March 12, 2005

"As a woman... I wanted to be liked - not attacked."

Responding to "[t]he kerfuffle over female columnists started when Susan Estrich launched a crazed and nasty smear campaign against Michael Kinsley," Maureen Dowd explains the travails of a female editorialist:
Guys don't appreciate being lectured by a woman. It taps into myths of carping Harpies and hounding Furies, and distaste for nagging by wives and mothers.
Hmmm... that's a thought I've had a few times in my twenty years as a female lawprof.
This job has not come easily to me. But I have no doubt there are plenty of brilliant women who would bring grace and guts to our nation's op-ed pages, just as, Lawrence Summers notwithstanding, there are plenty of brilliant women out there who are great at math and science. We just need to find and nurture them.
Nuture?! If we want women to go on the attack, we've got to nuture them? Well, actually, yes! It takes a lot nerve to put your harsh, straightforward words down on paper. You can feel entirely squelched and intimidated, yet still have those things inside you, and you could say them if somehow someone managed to give you the go-ahead. I know I've found myself able to write a lot of things down in this blog, but I've also gone many, many years holding my tongue. There may be a lot of men clamoring to speak first, easily finding a way to talk over the women who have just as much to say. It may take a little something more to unleash what women can say. Maureen Dowd doesn't explain how she was able to let loose. Someone saw she had it in her and gave her the forum, and from there she had to force herself to do it. But clearly, she could.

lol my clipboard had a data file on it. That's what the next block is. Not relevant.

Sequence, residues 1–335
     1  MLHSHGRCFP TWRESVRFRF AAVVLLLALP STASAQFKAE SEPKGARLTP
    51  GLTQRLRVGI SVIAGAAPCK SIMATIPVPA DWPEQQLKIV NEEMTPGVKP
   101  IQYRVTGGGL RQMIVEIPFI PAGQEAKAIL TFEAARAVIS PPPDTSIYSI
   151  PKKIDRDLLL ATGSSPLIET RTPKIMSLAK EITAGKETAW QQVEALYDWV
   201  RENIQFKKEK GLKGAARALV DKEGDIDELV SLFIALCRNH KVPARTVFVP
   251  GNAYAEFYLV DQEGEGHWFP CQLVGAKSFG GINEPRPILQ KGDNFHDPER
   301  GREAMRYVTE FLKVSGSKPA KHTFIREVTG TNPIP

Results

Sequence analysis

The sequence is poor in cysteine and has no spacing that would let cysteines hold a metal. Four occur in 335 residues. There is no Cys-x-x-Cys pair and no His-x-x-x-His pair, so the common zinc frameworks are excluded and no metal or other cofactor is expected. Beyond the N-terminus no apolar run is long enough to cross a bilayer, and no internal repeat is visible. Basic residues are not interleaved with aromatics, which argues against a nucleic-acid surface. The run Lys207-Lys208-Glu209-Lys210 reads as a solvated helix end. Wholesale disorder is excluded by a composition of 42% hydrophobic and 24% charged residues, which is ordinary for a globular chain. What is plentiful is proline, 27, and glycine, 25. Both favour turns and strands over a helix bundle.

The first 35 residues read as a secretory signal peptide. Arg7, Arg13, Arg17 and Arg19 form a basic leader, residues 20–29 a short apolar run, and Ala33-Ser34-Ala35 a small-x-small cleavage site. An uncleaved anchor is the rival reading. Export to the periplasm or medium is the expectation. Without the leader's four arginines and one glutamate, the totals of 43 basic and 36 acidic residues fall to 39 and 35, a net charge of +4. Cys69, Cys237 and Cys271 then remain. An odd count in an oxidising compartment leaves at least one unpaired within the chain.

UPDATE: Glenn Reynolds links here for the point I think women are more sensitive to harsh attacks. This post is really more about how women are more harshly punished if they go on the attack, which is what Maureen Dowd wrote about. It's not just that we (generally) feel worse when we are attacked, but that we are (generally) more likely to be perceived in a negative light if we do attack. Anyway, I have written before about wanting more civility and rationality in blogging, such as here, where I respond to a post by Kevin Drum, who wrote:
[D]oes this mean that women need to change if they want to enter the fray, or does it mean that the fray needs to change in order to attract more women? As usual, probably some of both. Unfortunately, the blogosphere, which ought to be an ideal training ground for finding new voices in nontraditional places, is far more vitriolic than any op-ed page in the country, even the Wall Street Journal's, and therefore probably turns off women far more than it attracts them.
My response was:
I don't think women or the blogosphere needs to change. Each blog is a place unto itself, where a writer establishes a tone and a voice. As long as you keep the comments function off, you control your own space. A thousand vitriolic male blogs don't prevent one woman from setting up her own blog and making whatever she likes of it.
Reynolds was noting how vicious people were being to Zephyr Teachout -- in the comments. Well, I definitely turned off my comments long ago and after a very short experience with them, because I was not going to tolerate people talking to me like that on my own blog. I want to decide whom to ignore and when to fight back.

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